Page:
For instance, when numerous Bosnian Muslim women were raped by Serbian soldiers during the Balkans conflict, the site was flooded with queries on the Islamic position on abortion. Doueiri says his team presented without judgment two opinions from different schools: one holding that any abortion is forbidden, the other saying that the procedure is allowed for up to 120 days into the pregnancy, after which, adherents believe, the soul enters the body.

The neutral presentation of differing views within the vast Islamic tradition, though rare, is equipping Muslims worldwide to think through their own Islamic practices rather than simply accepting the rulings of the local scholar, Doueiri says. “This site has brought so much happiness overseas, because people say they find a much more objective point of view than they get from their own scholars,” he says.

The rise of the electronic fatwa, sometimes by self-styled experts, dismays some classically trained scholars. But experts say the trend is irreversible. The Internet, satellite TV and steady gains in literacy are prompting a quiet but dramatic shift in the source of Islamic authority throughout the Muslim world–from political and religious leaders to the common educated people, says Dale F. Eickelman, a Dartmouth College anthropology professor and co-author of the book “New Media in the Muslim World.”

Led by Muslims in the West, unprecedented numbers of believers are debating the fundamentals of their faith and practice in a new Islamic reformation, he says. “Nobody is controlling anymore,” Eickelman says. “Evenif you’re not getting an increase in liberalism or a shift from authoritarianism, you’re now getting large numbers of people who know what they’re missing.”

One pipeline of fresh Islamic views to younger Muslims abroad is the Iqra International Educational Foundation in Chicago. Iqra–the Arabic word for “read” and God’s first word to the prophet Muhammad (saws), according to the Koran–is pioneering American-produced, English-language Islamic textbooks. In the last few years, overseas demand has skyrocketed and the foundation now exports tens of thousands of books annually to 16 countries in the Mideast, Asia, the Indian subcontinent and Europe. The books’ distinction, according to managing director Hussain, is that they promote the idea of self-study of the Koran and hadith and present the tradition’s essence shorn of regional and sectarian differences.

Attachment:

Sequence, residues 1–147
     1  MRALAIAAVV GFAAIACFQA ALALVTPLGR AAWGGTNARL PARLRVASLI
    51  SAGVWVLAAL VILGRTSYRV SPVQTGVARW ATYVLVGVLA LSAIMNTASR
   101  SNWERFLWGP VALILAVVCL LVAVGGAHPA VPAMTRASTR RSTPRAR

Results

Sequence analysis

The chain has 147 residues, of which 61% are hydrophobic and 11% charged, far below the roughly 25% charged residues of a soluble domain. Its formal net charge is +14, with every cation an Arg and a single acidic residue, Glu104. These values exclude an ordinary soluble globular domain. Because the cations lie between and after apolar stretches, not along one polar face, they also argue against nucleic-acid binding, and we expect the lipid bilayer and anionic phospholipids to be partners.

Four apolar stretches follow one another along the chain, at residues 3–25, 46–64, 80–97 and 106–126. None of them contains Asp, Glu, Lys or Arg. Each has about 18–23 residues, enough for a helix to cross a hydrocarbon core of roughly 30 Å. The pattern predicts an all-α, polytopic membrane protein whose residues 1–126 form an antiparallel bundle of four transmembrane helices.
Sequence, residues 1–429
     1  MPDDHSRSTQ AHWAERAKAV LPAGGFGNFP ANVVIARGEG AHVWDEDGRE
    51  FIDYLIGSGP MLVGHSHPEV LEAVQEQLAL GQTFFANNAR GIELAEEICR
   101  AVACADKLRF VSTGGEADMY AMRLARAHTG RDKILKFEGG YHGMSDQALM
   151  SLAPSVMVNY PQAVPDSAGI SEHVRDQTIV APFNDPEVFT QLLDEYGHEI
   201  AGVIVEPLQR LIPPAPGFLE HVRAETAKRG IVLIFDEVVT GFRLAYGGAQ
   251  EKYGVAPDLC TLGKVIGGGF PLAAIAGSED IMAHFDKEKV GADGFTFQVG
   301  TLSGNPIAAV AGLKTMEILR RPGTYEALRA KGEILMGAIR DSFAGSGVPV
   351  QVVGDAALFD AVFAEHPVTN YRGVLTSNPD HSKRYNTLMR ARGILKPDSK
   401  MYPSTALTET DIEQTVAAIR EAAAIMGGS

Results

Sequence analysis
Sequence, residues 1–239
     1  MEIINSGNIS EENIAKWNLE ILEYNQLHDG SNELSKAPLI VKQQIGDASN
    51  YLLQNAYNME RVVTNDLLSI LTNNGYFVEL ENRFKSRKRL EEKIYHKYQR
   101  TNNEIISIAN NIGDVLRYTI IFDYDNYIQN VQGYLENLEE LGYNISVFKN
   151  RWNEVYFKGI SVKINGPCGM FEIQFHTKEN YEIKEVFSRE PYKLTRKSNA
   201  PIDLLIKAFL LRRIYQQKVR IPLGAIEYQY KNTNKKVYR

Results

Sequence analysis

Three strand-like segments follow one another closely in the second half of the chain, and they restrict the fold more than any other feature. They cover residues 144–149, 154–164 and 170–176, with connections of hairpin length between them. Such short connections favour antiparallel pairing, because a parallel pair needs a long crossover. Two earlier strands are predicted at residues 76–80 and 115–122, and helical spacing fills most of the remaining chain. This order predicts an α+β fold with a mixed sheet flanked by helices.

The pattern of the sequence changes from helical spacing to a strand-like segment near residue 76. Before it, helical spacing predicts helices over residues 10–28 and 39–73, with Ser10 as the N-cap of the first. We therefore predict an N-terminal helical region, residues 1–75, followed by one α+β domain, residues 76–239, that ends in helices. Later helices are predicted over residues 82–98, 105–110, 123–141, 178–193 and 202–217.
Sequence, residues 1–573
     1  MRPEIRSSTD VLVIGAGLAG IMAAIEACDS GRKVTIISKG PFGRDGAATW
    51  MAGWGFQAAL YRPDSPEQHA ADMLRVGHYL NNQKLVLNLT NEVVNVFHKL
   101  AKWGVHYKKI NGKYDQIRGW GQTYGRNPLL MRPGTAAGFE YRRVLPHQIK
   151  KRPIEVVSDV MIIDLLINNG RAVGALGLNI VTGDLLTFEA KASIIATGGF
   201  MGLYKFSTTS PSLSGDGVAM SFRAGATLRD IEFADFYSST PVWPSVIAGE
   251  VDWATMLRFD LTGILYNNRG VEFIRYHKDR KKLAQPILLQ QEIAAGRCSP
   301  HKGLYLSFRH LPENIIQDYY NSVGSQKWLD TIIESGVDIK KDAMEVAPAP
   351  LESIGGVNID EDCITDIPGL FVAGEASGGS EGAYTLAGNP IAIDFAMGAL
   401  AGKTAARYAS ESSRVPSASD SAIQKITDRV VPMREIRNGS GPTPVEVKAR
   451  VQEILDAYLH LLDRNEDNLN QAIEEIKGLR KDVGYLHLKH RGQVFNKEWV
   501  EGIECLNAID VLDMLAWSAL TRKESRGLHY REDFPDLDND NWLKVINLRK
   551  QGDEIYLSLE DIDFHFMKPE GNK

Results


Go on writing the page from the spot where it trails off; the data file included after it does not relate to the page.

The quest to crystallize Islam’s essence, free of the overlays of cultural tradition, is perhaps most advanced here because America’s diversity is forcing Muslims to strive for a common understanding. Doueiri’s Internet group, for instance, represents Muslims from both the majority Sunnis and minority Shiites who hail from 30 countries. Doueiri, for example, is an African-born American of Lebanese ancestry.

American Muslims are producing the first modern “hajj model of community,” says Agha Saeed, who teaches ethnic studies at UC Berkeley, referring to the annual gathering of Muslims in Mecca, Saudi Arabia.

American Muslims say they are striving to restore their faith to its essence of tolerance and pluralism. Two decades ago, the Islamic Center of Southern California was a pioneer in arguing for an American Muslim identity based on “finding ways in Islam to make bridges to ‘the other’ and live together,” as center co-founder Maher Hathout puts it. At the time, his was an odd voice among Muslim leaders who were focused inward and viewed America as dar ul-kufr, or “place of unbelievers.” Today, the concept is mainstream.